There’s definitely something different about The Dallas Morning News’ new premium website: Unlike the Boston Globe’s two-website strategy, for instance, people who subscribe aren’t getting exclusive articles, but they are getting more photos and fewer ads.
Is that worth $2.99 per week? As Nieman Lab director (and former Dallas Morning News reporter) Joshua Benton tweeted, that doesn’t seem like a great deal:
All Dallas Morning News articles: free! All articles laid out onto rectangles with photo backgrounds: $143/year http://t.co/U5ZZWk3c4e
— Joshua Benton (@jbenton) September 30, 2013
Not surprisingly, that’s not how The Dallas Morning News looks at this new product, which is meant to replace its paywall as a source of revenue from digital readers. Reached by phone, News chief marketing officer Jason Dyer said the company’s research showed that “our print reader doesn’t see digital as a substitute for print. We do have data that indicates they see it as a complement.”
So let us now add something new to the gallery of newspaper pay models, to stand alongside “hard” paywalls, metered systems, and all-access passes. Maybe we should call it the eggroll model: Order print, get premium digital on the side for free. You can get the DMN’s premium digital experience for $2.99 per week, or the Sunday paper plus the premium site for … $2.99 per week. Want the Wednesday paper (with its coupons) too? You get all that for $3.99 per week, plus the premium site.
At the News, digital is something you throw in to attract or keep print subscribers rather than a standalone product you expect non-subscribers to pay for. “We’re obviously looking for digital subscription growth,” Dyer said, stressing that this premium system is an experiment.
“I have a feeling that … the paywall thing hasn’t gone all that well in certain metro areas,” Poynter business analyst Rick Edmonds said by phone.
Edmonds said he thought having two websites with the same content “can be confusing to customers” and could leave the paper stuck repeatedly offering free or discount offers to encourage readers to hop over to the premium side.
The News, he said, will have to keep reminding people “what is this stuff, and what is so wonderful about it.”
Dyer told News reporter Sheryl Jean that the old paywall “didn’t create a massive groundswell of [digital] subscribers.” The News declined to break out its digital numbers to Jean, but in March it reported average Sunday print circulation of 293,383 and average Sunday digital replica circulation of 66,164 to the Alliance of Audited Media. Its average weekday circulation was 190,613 print, with 65,912 digital.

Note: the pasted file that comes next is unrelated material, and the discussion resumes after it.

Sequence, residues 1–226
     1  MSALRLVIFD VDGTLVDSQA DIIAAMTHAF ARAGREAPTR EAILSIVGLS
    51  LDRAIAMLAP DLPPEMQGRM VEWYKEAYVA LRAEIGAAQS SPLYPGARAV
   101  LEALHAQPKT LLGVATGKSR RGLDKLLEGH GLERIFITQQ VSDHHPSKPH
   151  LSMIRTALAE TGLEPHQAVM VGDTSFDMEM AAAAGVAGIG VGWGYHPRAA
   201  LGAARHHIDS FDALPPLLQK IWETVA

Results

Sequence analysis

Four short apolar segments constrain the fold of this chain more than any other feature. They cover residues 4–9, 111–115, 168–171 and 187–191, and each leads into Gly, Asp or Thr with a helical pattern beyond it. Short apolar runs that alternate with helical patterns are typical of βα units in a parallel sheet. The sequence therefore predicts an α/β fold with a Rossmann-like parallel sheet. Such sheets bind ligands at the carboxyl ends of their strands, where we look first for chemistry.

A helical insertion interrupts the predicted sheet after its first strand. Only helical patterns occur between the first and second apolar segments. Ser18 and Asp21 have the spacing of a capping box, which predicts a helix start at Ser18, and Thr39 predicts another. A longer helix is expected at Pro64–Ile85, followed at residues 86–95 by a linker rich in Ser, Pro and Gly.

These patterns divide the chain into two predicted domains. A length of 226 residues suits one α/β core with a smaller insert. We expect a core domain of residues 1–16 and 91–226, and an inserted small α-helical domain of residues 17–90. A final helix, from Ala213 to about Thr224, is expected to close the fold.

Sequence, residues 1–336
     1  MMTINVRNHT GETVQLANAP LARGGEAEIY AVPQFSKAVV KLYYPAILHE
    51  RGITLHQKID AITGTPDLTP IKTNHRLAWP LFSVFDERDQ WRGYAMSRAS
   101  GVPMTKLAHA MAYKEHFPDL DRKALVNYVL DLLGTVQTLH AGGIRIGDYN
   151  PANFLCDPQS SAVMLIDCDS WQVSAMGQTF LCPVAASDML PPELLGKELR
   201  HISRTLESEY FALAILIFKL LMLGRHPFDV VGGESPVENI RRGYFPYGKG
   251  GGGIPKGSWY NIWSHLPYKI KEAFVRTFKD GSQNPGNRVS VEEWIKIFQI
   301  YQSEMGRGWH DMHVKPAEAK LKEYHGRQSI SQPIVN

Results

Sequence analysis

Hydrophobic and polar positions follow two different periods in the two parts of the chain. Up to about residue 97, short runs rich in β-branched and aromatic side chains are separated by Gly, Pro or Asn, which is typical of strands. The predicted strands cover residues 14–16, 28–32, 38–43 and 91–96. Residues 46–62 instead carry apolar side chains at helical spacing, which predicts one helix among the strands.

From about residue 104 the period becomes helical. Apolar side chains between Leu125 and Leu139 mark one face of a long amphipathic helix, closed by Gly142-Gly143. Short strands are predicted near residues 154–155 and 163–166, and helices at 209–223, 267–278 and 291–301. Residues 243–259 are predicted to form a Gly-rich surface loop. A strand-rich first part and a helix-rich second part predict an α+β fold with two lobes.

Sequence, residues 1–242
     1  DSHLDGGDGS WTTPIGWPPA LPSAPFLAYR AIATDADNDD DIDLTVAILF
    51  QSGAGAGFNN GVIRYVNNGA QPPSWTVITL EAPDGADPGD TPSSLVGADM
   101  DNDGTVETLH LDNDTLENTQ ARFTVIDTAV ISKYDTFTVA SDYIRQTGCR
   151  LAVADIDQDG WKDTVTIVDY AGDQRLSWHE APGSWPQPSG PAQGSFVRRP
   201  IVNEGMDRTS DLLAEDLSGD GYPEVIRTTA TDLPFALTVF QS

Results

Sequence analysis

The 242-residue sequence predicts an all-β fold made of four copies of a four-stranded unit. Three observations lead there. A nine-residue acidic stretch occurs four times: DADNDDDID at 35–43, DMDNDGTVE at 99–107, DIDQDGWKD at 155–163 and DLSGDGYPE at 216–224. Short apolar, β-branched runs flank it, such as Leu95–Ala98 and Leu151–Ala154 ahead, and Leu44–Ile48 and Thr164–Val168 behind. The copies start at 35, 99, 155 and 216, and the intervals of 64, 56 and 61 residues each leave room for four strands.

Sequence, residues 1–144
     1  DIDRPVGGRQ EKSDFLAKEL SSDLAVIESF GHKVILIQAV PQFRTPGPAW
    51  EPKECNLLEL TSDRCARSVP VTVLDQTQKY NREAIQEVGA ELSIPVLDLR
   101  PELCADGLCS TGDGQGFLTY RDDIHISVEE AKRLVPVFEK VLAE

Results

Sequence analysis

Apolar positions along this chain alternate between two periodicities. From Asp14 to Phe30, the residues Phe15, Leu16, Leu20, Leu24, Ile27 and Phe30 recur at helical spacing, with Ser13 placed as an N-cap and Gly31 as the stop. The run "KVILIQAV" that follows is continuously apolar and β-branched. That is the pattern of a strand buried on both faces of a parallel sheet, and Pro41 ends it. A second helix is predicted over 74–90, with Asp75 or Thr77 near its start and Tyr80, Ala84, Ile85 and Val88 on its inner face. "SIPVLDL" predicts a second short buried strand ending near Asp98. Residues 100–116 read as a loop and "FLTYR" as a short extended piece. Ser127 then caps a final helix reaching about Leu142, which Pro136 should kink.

“I wouldn’t say that paywalls or meters can’t work,” Dyer told Poynter. “We just saw an opportunity to experiment from a different approach.”
In its press release announcing the change, the News said it polled seven-day print subscribers “and found that when offered digital access for a price that was 90 percent less than the average print subscription rate, only five percent said they would be willing to give up their seven day print edition for digital access.”
Publisher Jim Moroney said in the release that the paper concluded “that subscribers were not paying for the content, so much as paying for how they wanted to consume the content we published. They were paying for a print experience.”
That research had a lot of influence on the News’ decision, Dyer told Poynter. And the premium site will add value for print subscribers with a more-personalized experience, he said.
“We have some technologies that are being deployed that do enable that,” he said, but declined to name them. Premium members will also have access to perks such as events and deals.
“There are places where advertising is part of the experience” that the News is offering, Dyer said.
I noted that the personalization he was describing me sounded like it might yield some data that would be of interest to advertisers (Google is also working on personalizing news), to which Dyer responded that “we don’t have an advertiser announcement regarding the premium site right now.”
He added that the amount of advertising on the site could change.
As could the way the News approaches all of this. Prior to the premium site, the paper had a hard paywall that simply blocked casual browsers (“almost always a mistake,” Ryan Chittum writes in CJR). Moroney told Nieman Lab’s Justin Ellis that the paper isn’t “ruling out using a metered-access model down the road,” with Benton writing that a “sort of soft meter will be used to periodically prompt frequent readers about a possible premium upgrade.”
That commitment to tinkering is the only constant to the News’ online strategy, Dyer said: “I will tell you this thing will continue to improve. This is not a launch-it-and-leave-it situation.”
Correction: This post originally attributed Justin Ellis’ story to Joshua Benton.